On a tiny grey island in Wales, there is a colorful home for children. These children are peculiar; they have unique qualities that make it hard for them to live in the ordinary world. From the girl who floats on air to the boy who can reanimate corpses, Miss Peregrine keeps them all hidden away in her magical sanctuary. Miss Peregrine’s Home for Peculiar Children employs director Tim Burton’s characteristically dark approach to fantasy to immerse audiences in an adventure, but this narrative ultimately does not prove compelling due to the film’s flat characters.
Miss Peregrine’s Home for Peculiar Children, based on the book of the same name, focuses on Jake, a boy who lives a boring life in an ordinary Florida suburb. Following the mysterious death of his grandfather, he decides to travel to Wales to find Miss Peregrine herself and learn more about his grandfather’s unusual life. There Jake finds the children from his grandfather’s stories and discovers a peculiarity of his own—as young-adult fantasy novel protagonists are wont to do. With his ability to see the invisible monsters that are hunting his friends, Jake must navigate this strange new world to save Miss Peregrine and peculiar children everywhere.
Eva Green’s performance as Miss Peregrine is remarkable, conveying her character’s otherworldly shrewdness and grace. Green is as essential to the movie as Miss Peregrine is to the plot. Miss Peregrine is an “ymbryne,” a powerful kind of “peculiar” charged with caring for children because of their ability to create a time loop—a repeating instance of a particular day. Burton described her to Entertainment Weekly as a scary Mary Poppins, but she does not come off as scary so much as motherly. She is fearsome, to be sure, but only in the way a protective mother can be. Green is wholly convincing, and when the villain forcibly takes her from her children, it’s Miss Peregrine’s sadness that compels the audience to sympathize with them.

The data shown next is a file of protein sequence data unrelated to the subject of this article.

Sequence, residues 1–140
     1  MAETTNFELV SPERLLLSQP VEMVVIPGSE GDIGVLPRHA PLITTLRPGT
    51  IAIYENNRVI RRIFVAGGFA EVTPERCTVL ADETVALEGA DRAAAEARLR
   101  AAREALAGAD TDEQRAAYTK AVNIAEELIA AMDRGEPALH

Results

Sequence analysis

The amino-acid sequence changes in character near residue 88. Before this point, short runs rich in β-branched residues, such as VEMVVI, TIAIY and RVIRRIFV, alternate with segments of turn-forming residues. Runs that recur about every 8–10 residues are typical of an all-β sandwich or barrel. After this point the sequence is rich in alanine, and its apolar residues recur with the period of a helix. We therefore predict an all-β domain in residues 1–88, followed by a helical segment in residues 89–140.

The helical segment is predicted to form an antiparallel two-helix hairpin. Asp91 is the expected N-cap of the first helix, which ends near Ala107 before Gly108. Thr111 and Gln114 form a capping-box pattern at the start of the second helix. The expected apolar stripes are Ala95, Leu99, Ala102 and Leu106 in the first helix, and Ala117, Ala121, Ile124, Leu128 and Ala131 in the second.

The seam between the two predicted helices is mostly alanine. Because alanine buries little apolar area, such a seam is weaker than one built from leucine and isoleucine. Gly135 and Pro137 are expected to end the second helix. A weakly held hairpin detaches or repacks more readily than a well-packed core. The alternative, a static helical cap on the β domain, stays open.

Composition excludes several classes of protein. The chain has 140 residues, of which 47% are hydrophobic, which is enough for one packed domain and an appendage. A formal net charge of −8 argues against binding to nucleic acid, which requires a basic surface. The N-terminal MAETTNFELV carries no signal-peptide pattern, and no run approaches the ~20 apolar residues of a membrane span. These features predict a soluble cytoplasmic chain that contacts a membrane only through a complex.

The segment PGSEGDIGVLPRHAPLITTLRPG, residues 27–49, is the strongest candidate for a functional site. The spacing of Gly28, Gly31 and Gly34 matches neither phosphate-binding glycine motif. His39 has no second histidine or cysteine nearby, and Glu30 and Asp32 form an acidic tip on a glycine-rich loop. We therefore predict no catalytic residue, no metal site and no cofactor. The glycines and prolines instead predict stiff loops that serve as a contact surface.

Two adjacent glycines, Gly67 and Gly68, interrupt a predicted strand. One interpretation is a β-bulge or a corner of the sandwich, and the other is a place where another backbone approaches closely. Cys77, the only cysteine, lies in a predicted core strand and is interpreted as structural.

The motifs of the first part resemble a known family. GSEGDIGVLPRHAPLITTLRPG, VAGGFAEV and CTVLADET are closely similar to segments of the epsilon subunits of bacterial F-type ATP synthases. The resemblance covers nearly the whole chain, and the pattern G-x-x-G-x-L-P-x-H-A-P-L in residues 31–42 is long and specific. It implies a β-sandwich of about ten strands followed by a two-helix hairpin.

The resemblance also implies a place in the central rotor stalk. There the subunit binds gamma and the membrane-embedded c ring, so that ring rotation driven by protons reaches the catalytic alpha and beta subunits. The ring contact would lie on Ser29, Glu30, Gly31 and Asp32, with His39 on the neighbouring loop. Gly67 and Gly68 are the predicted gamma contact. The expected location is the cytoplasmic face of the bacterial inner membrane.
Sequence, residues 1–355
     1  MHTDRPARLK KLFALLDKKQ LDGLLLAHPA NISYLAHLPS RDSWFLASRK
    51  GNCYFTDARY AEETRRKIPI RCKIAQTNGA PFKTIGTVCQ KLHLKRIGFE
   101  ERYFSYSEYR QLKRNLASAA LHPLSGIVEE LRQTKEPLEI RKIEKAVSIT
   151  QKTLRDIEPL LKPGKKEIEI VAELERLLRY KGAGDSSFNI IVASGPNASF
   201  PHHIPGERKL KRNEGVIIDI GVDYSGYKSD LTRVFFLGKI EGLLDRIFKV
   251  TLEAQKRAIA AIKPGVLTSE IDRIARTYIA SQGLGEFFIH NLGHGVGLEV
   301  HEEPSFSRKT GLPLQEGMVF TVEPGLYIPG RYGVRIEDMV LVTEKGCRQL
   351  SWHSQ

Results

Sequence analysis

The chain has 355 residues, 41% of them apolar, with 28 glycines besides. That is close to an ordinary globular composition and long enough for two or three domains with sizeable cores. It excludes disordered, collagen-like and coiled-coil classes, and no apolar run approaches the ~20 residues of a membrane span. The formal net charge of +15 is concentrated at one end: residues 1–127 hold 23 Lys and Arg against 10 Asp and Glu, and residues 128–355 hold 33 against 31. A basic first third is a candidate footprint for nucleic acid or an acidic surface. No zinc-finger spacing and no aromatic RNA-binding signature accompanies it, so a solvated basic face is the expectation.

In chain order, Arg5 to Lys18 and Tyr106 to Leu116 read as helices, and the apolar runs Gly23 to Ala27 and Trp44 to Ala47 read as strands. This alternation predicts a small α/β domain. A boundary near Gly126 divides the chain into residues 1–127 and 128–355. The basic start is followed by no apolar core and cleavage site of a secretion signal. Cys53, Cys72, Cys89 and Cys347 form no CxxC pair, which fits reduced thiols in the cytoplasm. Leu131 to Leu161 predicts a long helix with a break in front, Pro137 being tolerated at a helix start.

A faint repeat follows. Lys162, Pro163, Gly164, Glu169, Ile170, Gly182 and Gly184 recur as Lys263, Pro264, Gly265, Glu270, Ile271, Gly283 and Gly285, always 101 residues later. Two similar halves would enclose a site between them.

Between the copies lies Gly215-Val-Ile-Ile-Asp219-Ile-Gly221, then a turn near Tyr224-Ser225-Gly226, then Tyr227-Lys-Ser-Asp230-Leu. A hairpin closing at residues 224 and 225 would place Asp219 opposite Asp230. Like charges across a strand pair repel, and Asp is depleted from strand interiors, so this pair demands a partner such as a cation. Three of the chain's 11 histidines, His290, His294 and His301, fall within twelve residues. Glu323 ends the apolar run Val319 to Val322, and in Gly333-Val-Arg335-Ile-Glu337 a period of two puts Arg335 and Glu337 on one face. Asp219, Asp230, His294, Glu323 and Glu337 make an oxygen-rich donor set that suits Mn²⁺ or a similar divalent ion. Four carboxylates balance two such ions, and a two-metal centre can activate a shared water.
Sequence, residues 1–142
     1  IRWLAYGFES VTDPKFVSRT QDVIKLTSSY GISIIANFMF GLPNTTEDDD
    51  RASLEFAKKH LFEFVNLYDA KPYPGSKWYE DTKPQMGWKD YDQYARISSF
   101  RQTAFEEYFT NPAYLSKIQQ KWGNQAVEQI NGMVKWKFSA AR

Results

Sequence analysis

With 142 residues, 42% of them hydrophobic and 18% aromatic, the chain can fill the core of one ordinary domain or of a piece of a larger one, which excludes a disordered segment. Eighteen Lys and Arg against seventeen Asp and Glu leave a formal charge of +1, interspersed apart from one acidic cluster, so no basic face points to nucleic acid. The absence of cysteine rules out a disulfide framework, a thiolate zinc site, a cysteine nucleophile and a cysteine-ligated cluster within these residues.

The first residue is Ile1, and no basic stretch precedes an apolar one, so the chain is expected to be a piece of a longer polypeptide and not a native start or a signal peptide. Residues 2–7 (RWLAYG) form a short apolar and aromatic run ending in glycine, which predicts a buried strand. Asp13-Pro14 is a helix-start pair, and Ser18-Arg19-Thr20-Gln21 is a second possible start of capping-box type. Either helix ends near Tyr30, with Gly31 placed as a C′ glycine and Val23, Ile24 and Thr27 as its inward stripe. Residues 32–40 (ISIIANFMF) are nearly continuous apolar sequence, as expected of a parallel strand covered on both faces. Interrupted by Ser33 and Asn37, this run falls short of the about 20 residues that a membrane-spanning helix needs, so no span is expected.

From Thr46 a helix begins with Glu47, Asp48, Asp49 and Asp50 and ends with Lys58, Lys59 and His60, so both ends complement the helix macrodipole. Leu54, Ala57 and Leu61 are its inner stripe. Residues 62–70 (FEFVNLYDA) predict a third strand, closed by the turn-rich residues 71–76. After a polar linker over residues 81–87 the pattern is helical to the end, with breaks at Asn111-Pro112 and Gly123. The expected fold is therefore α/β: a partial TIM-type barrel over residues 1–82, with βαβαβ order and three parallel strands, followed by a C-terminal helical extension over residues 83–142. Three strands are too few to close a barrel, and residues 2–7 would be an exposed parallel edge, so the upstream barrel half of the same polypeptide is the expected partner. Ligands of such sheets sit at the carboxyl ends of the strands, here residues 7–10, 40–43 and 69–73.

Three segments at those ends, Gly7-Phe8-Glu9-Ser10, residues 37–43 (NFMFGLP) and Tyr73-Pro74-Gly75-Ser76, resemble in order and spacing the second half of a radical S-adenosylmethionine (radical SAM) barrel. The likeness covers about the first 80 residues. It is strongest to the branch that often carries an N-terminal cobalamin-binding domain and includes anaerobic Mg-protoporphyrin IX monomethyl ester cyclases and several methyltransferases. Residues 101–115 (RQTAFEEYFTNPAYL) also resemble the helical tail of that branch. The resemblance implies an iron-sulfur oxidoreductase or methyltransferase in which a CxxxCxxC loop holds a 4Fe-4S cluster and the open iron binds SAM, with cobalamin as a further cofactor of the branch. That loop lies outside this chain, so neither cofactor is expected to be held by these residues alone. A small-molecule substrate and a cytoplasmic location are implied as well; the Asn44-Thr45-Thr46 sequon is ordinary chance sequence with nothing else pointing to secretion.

What makes this movie entertaining is how it immerses the viewer in the world of “peculiars” through its visuals and sound. Burton uses color to establish the magical nature of Miss Peregrine’s: the verdant grounds around the house contrast shockingly with the overcast dullness of the surrounding Welsh island, and the inside of the home is richly decorated with 40s decor. The selective use of color creates an atmosphere of fantasy reminiscent of Burton’s take on Alice in Wonderland. The resplendent sets around Miss Peregrine’s home also lend themselves to contrast with the villains, who cast an ominous darkness over their own scenes. The score also complements the story very well, with music by Michael Higham (Inception) and Matthew Margeson (Captain America: The Winter Soldier) swelling at key moments to move viewers to elation or trepidation.
Despite the pleasant feeling of adventure, the story in Miss Peregrine’s is uncomplicated and easily resolved, and the characters are not very well developed. Perhaps due to its being based on a novel, the film sacrifices depth for breadth. The villains are not introduced until late in the movie, and they are only cartoonishly evil. Mr. Barron, played by Samuel L. Jackson, is on a generic mission to kill the peculiar children in his pursuit of immortality, and his assorted henchmen border on buffoonish.
Even the main characters—Emma, and especially Jake—are stilted and flat. Jake saves the children regardless of his complete lack of skills, and develops a romance with Emma for no apparent reason other than the movie being of the young-adult genre. When two of the other children also declare their love, it feels as if the writers are merely trying to check all the novel’s boxes. Despite this, the film’s charm will likely overpower a viewer’s disbelief, so audiences shouldn’t be too bothered by the slightly shallow story.
In conclusion, Miss Peregrine’s Home for Peculiar Children is a pleasant and enjoyable movie where the kids beat the bad guys and save the day. Burton creates a fun adventure for audiences, who get swept up in the magic of the lovable peculiar children. But as with so much magic in our world, if you focus hard enough, you can’t help but see the strings.